Health tips – Small changes with big effects. 5. Eat a Mediterranean-style Diet

The 5th article in our small changes with big effects series.

Eat a Mediterranean-style diet

Image ©Jason Raish

Some of the components of the Mediterranean diet (such as oily fish and the olive oil) have a well-established anti-inflammatory effect, and there is mounting evidence that many cases of depression and anxiety may be linked to brain inflammation. But the foods that make up the Mediterranean diet also boost ‘good’ bacteria in your gut, and they, in turn, produce their own anti-inflammatory compounds. Foods which have a positive effect on our mood are called ‘psychobiotics’.

As part of a podcast series I’ve made for the BBC called Just One Thing, I interviewed Dr Kirsten Berding Harold, a researcher from University College Cork, who is part of a team who first coined the word, ‘psychobiotics’.

In one of her most recent studies she asked a group of volunteers to eat what she calls, ‘microbiota-friendly food’, which included more wholegrains, fruits and vegetables, but also fermented foods like kefir (a form of fermented yoghurt), which are rich in probiotics.

Their mood and microbiota were tested at the beginning and end of the study, and there were some impressive changes. Not only did their microbiome change, but as Kirsten explained, “after four weeks on the diet they felt a lot less stressed and had an improved mood. So the preliminary results suggest that it really does help your mood and mental health to eat a diet that is microbiota friendly.”

Read Dr Mosley’s full advice on psychobiotic foods

Heart UK Says:

Basing your diet on the foods people eat in the Mediterranean is a great way to look after your heart.

We have known for some time that people living in countries along the Mediterranean appear to have less heart disease than people living in the UK and northern Europe.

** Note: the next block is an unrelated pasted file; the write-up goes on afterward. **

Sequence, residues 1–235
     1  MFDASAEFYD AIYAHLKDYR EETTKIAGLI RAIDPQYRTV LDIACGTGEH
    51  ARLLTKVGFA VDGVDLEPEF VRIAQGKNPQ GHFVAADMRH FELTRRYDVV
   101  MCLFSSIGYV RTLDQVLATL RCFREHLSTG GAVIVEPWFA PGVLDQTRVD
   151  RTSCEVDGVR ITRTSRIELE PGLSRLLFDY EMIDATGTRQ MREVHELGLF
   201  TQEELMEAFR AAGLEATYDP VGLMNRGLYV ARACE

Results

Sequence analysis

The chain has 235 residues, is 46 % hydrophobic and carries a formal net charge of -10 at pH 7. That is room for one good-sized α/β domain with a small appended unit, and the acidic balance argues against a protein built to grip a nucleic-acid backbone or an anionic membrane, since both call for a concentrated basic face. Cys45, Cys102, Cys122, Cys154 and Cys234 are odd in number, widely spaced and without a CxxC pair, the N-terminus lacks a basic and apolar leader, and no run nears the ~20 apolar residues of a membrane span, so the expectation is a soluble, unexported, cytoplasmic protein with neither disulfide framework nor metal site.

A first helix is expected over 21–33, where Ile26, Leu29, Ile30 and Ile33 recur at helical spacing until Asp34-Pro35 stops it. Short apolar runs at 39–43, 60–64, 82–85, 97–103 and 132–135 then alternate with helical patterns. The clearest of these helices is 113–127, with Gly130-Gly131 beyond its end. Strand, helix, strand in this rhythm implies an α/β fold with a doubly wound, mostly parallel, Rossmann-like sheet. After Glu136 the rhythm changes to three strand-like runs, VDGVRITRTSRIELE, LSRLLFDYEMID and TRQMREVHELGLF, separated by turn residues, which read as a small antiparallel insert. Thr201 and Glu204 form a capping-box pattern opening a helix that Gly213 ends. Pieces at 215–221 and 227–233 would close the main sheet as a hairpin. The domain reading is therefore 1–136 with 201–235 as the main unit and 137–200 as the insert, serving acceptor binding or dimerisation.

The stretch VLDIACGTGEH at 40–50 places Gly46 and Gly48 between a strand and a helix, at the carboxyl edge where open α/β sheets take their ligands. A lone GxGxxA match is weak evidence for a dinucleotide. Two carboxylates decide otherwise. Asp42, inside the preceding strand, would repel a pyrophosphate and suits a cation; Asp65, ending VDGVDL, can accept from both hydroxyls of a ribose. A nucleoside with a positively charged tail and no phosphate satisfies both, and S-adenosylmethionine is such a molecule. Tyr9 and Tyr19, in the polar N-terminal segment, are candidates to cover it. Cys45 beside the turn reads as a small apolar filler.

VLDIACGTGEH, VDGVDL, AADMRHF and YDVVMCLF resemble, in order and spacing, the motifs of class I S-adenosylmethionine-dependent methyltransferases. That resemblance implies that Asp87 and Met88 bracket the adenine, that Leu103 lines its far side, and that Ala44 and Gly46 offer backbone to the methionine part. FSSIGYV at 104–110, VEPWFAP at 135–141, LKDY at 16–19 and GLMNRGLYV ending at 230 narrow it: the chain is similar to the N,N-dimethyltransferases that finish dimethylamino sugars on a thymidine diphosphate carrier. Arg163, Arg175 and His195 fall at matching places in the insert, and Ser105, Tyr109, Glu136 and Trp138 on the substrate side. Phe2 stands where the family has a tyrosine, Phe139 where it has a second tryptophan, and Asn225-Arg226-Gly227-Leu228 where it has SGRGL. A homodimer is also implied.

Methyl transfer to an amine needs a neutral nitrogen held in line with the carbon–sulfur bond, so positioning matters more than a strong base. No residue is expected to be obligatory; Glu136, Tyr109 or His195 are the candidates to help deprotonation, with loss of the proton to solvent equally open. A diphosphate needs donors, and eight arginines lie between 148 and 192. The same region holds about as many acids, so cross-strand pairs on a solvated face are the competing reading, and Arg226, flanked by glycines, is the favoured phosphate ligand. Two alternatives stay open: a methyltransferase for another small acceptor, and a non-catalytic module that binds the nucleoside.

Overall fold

Health professionals now believe that this may be partly due to the foods that make up the traditional Mediterranean way of eating.

The Mediterranean diet is high in vegetables, fruits, legumes, nuts, beans, cereals, grains, fish and unsaturated fats such as olive oil. It usually includes a low intake of meat and dairy foods. This is now seen as a good way of eating – both for a healthy heart and for general well-being.

The UK’s own eat well guide is made up of similar foods and in similar amounts.

Patient says:

The word Mediterranean refers to the origins of the diet, rather than to specific foods such as Greek or Italian foods.

Using a wide range of fruits and vegetables gives the body maximum access to sources of vitamins, minerals and other trace nutrients. There are individual foods within the Mediterranean Diet which are particularly beneficial to health, such as olive oil, garlic and some fruits and vegetables. However, overall it is the combination of foods within a healthy lifestyle which is linked to improved health.

The overuse of salt in flavouring Western-style meals and fast foods has been linked with increased blood pressure. The healthy alternative is to replace the excess salt with herbs and also garlic, as Mediterranean people have done for many years. This can also add new flavours to quite simple pasta dishes, rice dishes and stews.

The Mediterranean Diet is rich in vegetables, fruit, peas and beans (legumes) and grains. It also contains moderate amounts of chicken and fish. There is little red meat and most fat is unsaturated and comes from olive oil and nuts. Having a small amount of red wine has been shown to increase the health benefits. (Full Patient info see link below)

other recommended healthy diet advice:

BBC Goodfood – Why is the Mediterranean diet so healthy?

Patient – Mediterranean Diet


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